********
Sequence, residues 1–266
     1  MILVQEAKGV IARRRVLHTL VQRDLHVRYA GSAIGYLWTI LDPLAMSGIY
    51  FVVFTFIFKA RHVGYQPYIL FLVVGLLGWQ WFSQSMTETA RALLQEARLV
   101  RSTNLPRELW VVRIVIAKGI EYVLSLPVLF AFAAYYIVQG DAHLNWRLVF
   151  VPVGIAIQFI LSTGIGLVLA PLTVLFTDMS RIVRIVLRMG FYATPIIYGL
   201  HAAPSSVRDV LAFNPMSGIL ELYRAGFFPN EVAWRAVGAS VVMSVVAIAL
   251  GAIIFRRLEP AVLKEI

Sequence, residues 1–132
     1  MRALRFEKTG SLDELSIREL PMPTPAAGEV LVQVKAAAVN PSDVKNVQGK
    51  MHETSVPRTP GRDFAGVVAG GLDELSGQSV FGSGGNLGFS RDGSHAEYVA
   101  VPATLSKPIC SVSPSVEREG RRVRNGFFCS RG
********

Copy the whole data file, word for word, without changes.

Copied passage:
Sequence, residues 1–266
     1  MILVQEAKGV IARRRVLHTL VQRDLHVRYA GSAIGYLWTI LDPLAMSGIY
    51  FVVFTFIFKA RHVGYQPYIL FLVVGLLGWQ WFSQSMTETA RALLQEARLV
   101  RSTNLPRELW VVRIVIAKGI EYVLSLPVLF AFAAYYIVQG DAHLNWRLVF
   151  VPVGIAIQFI LSTGIGLVLA PLTVLFTDMS RIVRIVLRMG FYATPIIYGL
   201  HAAPSSVRDV LAFNPMSGIL ELYRAGFFPN EVAWRAVGAS VVMSVVAIAL
   251  GAIIFRRLEP AVLKEI

Sequence, residues 1–132
     1  MRALRFEKTG SLDELSIREL PMPTPAAGEV LVQVKAAAVN PSDVKNVQGK
    51  MHETSVPRTP GRDFAGVVAG GLDELSGQSV FGSGGNLGFS RDGSHAEYVA
   101  VPATLSKPIC SVSPSVEREG RRVRNGFFCS RG